I've been following this for several months and it occurs to me that those of us in Canada, America, and Australia have immigrant ancestors. Have you researched yours? Do you know who they were, why they came to your country and when? Do you know how they fared once settled in their new land? Were they welcomed? Were they shunned? Was their discrimination based on their religion or ethnic origin? These are all questions that are important, and interesting to discover. With that in mind, I'm the dedicating Saturdays (as many as needed) as the day to join me in discussing your immigrant ancestors.
You will be able to read any you are interested in by using the keyword Immigrant Ancestors. I'm going to share each week what I know of my immigrant ancestors to North America (whether that is USA or Canada)

Today's immigrant ancestors is my 7th great-grandfather Hartman Hunsicker born circa 1692. Hartman was a Mennonite from Leistal, Bassel, Switzerland. 

Variations on the Hunsaker surname are: Hunsicker, Hunsecker, Hunsiker, Hunziger, Huntzinger and Hunsucker. Supposedly, the name derives from the origins of Valentine Hunsicker, in the centre of the Schwartzwald (the German Black Forest), about 70 miles north of Zurich where there is found a district which bears names from the time of Attila the Hun, in Hunstruck, Hunstruecker, Hunsbach, and in the center of the valley, Hunseck (Huns' Valley). It is believed that the name Hunsecker came from this valley and possibly this is the origin of the family.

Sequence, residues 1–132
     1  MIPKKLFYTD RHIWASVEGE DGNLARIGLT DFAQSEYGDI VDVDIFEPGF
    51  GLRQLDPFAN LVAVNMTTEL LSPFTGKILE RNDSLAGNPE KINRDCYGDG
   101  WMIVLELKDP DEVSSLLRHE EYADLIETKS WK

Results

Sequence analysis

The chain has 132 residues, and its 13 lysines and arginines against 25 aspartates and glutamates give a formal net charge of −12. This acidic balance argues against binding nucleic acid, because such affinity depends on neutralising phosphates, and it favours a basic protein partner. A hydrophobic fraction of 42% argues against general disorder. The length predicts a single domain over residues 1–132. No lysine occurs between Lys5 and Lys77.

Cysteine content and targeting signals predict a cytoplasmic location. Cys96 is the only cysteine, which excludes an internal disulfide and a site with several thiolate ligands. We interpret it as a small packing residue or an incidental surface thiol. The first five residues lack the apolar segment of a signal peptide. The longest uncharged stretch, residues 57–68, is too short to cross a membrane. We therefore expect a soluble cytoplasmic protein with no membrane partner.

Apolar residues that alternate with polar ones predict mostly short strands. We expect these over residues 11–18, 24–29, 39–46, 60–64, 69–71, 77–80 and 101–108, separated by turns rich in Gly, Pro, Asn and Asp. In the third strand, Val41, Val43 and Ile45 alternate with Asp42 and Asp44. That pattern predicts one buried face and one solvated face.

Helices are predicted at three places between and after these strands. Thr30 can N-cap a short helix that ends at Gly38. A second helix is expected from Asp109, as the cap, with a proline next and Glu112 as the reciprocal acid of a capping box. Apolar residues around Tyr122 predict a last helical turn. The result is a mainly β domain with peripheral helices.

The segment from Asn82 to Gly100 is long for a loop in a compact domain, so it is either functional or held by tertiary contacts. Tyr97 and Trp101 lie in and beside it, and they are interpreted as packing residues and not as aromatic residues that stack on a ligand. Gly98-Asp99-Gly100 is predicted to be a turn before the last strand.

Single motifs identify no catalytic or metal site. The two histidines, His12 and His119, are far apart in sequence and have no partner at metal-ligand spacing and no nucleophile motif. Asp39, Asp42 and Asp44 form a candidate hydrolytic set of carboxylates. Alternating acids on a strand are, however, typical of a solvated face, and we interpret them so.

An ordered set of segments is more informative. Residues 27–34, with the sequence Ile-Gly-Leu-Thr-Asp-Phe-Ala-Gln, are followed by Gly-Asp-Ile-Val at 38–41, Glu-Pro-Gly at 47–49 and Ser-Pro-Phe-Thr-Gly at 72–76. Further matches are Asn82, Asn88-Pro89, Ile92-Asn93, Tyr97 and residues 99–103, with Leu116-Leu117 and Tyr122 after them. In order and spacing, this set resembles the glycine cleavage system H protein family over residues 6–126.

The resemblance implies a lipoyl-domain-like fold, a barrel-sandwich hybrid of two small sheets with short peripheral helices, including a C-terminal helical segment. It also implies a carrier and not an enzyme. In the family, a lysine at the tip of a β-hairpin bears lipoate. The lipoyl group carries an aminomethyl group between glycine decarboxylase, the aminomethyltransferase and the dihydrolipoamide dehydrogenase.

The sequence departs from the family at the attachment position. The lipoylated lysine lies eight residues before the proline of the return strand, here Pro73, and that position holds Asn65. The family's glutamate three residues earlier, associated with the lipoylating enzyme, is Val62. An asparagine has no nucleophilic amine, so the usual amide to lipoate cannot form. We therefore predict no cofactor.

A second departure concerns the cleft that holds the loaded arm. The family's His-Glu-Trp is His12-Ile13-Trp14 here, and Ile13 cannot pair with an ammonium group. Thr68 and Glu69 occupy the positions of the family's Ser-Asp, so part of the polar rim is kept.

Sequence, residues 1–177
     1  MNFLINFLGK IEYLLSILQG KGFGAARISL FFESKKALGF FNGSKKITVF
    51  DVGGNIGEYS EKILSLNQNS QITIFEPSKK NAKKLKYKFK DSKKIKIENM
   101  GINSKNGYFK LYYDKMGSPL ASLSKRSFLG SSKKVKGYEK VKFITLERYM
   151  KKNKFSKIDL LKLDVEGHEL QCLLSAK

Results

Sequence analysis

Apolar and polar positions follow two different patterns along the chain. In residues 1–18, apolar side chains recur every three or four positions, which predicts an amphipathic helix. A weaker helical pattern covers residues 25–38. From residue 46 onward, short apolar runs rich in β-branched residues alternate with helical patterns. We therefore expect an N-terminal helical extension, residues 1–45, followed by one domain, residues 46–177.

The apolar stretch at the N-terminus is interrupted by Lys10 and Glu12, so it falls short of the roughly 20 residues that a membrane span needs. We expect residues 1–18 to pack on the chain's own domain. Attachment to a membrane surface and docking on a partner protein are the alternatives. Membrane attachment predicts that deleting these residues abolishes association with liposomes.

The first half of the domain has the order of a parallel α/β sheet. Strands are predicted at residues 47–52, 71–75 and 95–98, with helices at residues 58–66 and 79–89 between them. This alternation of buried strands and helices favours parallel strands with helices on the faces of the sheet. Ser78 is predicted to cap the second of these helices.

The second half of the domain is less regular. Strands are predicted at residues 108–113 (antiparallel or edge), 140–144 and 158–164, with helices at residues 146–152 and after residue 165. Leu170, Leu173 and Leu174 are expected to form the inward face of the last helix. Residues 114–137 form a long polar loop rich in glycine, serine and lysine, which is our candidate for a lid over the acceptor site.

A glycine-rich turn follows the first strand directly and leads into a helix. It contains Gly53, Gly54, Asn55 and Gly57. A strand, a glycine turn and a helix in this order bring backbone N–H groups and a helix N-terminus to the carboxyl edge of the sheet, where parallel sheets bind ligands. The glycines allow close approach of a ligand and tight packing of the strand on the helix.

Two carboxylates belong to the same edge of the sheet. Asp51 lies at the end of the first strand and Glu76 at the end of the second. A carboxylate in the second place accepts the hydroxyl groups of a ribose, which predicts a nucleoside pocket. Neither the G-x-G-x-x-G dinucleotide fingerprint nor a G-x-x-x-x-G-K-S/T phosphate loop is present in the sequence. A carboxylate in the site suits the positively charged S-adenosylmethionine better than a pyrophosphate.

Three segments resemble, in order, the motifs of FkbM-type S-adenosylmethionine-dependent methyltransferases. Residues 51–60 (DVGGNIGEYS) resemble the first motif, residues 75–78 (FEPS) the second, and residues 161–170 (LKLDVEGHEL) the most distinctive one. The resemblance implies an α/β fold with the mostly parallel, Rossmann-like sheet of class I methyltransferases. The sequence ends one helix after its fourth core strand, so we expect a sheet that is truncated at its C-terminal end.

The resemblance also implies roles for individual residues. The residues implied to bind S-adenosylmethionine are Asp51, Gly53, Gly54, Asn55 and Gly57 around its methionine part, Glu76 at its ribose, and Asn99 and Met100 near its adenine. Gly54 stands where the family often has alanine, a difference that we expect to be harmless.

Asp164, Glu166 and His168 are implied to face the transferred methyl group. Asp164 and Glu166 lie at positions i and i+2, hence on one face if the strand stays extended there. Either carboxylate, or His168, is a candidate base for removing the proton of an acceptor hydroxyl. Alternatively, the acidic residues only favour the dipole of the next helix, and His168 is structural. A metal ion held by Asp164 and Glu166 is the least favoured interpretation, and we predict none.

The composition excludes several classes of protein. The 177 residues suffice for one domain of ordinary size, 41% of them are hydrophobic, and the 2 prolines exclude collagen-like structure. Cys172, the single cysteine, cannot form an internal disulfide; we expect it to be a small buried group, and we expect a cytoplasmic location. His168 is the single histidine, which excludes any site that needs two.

Hartman and his wife Anna Stirtz had 5 children born to them in Switzerland. In 1726 Hartman fled Switzerland for Germany. Hartman and Anna relocated to Weisbaden Germany where two more children were born to the couple.

"Hartman Huntseker" fled Germany for Pennsylvania, arriving 10 September 1731 on the Pennsylvania Merchant, loaded with Palatine passengers from Rotterdam, John Stedman, Commander. Anna,  Frena and Eliz. Huntseker, all over age 16, were also on the ship, as were some under age 16: Anna, Ursul, Meyer and Hannes Huntseker. 


Hartman Hunsaker died 1733 in Frederick Township in what is now Montgomery County Pennsylvania.  Anna, his widow, married Jacob Cocghnower the widowed Preacher of the Skippack Mennonite Church in Perikomen Township in Montgomery Co Pennsylvania in 1734.
 

They moved to Manheim Twp Lancaster County Pennsylvania soon after the marriage. Anna died in 1737 and Jacob Cocghnower married for the 3rd time in 1738.